After the best part of a month together Wales players, coaches and backroom staff finally get a break.
A week’s warm-weather training in Portugal followed by five International matches will probably be the longest camp the squad will ever have together outside of an actual tournament. Tired they may be, but the aim was achieved.
So Wales are going to a World Cup. At last.
It’s been a long wait since 1958 with some difficult near-misses in-between which have in the aftermath of qualification perhaps increased the emotional element of Wales’ achievement.
Missing out by a whisker, I’m talking for tournaments in 1978, 1986 and 1994, hurts if it happens just once, but multiple times leaves its mark.
And that is why Wales and its Red Wall support will with fondness and thanks be ever grateful to a cultural change brought about by the late Gary Speed.
Speed became the Wales manager in 2010, he made it his job not just to manage the men’s senior team but to instigate widespread change throughout Welsh football.
At every Wales game, at some point someone in the crowd will start up a song about Gary Speed and warm applause will follow. He is engrained in Wales’ psyche now.
So many supporters, players and former players will hope that somewhere ‘up there’ Speed is able to look down on the green, green grass of home where Wales have been thriving for several years now.
For a nation of barely 3 million people, where football has to compete hard with rugby along with every other modern day distraction to gain and keep participation levels and interest, to qualify for the last two Euros and now the Qatar 2022 World Cup is an achievement to be proud of, but it hasn’t happened by chance.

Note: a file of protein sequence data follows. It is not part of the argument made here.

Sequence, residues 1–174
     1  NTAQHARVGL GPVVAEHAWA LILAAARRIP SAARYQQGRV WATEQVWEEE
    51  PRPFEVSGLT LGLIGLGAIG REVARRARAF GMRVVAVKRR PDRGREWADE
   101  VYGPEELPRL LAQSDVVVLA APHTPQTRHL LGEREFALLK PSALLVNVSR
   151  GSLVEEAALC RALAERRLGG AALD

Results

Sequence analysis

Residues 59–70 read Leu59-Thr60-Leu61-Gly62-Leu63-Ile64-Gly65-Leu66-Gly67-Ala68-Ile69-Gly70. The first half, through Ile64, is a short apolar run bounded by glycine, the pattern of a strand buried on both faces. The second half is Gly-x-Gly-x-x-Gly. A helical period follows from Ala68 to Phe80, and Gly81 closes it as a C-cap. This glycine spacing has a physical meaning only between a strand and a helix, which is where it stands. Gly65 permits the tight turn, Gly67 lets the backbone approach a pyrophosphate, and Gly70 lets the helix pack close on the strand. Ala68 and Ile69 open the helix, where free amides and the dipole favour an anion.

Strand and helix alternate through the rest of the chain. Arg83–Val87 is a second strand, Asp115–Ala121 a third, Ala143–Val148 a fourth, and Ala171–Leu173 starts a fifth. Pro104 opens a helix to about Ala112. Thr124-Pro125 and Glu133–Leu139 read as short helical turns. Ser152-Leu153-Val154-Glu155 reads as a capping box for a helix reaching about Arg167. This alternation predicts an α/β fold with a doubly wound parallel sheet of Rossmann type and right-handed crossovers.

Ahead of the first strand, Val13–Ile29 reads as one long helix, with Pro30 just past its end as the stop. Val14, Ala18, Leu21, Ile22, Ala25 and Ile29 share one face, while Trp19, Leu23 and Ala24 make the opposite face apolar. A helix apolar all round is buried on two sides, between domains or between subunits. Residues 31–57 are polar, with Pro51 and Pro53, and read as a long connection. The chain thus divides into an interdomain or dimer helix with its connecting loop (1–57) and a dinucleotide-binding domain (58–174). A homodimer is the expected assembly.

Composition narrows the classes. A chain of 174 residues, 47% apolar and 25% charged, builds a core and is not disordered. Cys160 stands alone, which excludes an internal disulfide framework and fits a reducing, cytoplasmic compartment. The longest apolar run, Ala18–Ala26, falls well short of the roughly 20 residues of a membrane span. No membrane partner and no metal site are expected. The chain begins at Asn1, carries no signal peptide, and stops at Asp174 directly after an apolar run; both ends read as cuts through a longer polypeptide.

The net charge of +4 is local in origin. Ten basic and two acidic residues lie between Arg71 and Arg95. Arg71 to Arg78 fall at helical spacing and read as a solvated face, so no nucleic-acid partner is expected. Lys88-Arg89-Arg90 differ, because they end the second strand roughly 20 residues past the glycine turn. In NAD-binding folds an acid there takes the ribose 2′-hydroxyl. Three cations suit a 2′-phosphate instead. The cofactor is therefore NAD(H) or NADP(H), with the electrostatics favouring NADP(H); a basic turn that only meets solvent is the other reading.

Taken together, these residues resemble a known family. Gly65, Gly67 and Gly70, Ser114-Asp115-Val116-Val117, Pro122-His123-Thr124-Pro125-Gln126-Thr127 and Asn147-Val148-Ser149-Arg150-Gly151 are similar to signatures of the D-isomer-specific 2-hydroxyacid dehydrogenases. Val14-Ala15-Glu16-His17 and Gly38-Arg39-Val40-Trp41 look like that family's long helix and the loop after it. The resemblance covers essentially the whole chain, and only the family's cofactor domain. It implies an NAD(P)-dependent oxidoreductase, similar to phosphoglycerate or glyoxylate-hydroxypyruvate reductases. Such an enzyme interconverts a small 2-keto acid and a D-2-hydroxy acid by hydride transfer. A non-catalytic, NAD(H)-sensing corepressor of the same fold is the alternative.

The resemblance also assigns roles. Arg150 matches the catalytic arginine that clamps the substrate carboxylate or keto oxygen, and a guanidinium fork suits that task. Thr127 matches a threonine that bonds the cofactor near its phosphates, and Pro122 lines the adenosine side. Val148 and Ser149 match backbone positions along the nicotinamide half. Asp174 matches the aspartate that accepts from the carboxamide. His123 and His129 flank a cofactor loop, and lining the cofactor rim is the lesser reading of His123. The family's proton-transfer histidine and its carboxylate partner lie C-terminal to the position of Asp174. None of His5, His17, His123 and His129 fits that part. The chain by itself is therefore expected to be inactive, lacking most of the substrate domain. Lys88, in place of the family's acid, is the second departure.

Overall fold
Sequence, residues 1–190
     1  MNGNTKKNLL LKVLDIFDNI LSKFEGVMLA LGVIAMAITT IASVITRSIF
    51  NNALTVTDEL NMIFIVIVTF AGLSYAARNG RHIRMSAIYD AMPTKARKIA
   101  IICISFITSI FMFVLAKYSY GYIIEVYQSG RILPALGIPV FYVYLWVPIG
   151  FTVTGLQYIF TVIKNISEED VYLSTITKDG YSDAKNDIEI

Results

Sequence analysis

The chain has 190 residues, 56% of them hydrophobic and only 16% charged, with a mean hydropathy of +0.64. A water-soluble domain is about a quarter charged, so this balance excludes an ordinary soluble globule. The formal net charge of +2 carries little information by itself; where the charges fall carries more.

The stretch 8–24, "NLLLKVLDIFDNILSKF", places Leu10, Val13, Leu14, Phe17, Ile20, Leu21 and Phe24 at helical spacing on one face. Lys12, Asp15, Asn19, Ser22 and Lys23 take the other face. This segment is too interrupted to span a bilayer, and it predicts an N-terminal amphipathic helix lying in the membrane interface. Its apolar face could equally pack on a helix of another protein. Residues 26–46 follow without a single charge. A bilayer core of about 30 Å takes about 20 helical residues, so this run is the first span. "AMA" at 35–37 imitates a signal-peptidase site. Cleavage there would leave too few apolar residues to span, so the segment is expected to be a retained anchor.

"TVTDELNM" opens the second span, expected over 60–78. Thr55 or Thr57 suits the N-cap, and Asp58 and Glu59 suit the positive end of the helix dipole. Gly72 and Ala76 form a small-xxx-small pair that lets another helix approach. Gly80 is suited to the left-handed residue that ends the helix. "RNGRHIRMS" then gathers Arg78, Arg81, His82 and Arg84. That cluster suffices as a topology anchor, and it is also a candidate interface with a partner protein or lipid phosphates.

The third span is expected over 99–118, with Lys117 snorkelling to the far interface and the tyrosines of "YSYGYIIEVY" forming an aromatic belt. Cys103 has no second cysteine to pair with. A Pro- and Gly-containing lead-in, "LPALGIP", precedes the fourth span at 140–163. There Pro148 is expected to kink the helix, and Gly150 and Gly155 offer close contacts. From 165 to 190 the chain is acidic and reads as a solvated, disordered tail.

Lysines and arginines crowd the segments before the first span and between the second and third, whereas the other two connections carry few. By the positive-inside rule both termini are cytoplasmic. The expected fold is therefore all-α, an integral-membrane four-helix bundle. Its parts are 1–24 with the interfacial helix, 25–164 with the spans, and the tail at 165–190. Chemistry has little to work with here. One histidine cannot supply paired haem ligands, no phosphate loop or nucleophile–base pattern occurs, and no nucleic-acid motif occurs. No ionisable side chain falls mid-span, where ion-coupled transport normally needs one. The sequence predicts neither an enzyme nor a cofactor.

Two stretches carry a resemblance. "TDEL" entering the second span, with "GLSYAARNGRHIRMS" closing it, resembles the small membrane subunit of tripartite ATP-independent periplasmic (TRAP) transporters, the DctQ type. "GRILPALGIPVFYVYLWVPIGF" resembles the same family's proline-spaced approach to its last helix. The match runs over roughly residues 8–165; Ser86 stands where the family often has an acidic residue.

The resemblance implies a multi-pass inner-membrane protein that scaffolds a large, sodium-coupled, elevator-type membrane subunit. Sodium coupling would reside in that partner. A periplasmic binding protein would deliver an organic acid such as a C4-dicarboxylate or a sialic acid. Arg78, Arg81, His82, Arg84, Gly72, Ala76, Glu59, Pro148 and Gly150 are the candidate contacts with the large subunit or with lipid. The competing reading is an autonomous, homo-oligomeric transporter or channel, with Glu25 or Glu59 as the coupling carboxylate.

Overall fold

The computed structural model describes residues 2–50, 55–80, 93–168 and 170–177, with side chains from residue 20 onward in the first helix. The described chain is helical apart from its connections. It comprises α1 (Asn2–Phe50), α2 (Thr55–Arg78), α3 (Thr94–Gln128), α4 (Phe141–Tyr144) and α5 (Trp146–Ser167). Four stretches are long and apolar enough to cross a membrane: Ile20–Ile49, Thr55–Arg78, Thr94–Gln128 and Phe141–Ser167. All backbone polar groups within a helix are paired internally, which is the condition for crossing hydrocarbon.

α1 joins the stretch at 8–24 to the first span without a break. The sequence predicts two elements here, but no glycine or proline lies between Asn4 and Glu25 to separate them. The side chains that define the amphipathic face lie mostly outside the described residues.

Yes, Gareth Bale and Aaron Ramsey have formed the centre-piece of Welsh footballing success, but both are talented sportsmen. They could have achieved at any sport or probably any walk of life.
The environment within the Wales set-up changed with Speed’s vision of a ‘Welsh Way’ so players like Bale & Ramsey became even better and helped those around them become better.
The club and family environment underpinned by a professional backroom set-up that is quite something to witness are just some of the other ingredients that have seen Wales succeed.
No country, especially in the crowded and competitive space of European football, can qualify for three out of the last four major international tournaments by chance or just on the coat-tails of Gareth Bale. A long-term vision has borne fruit.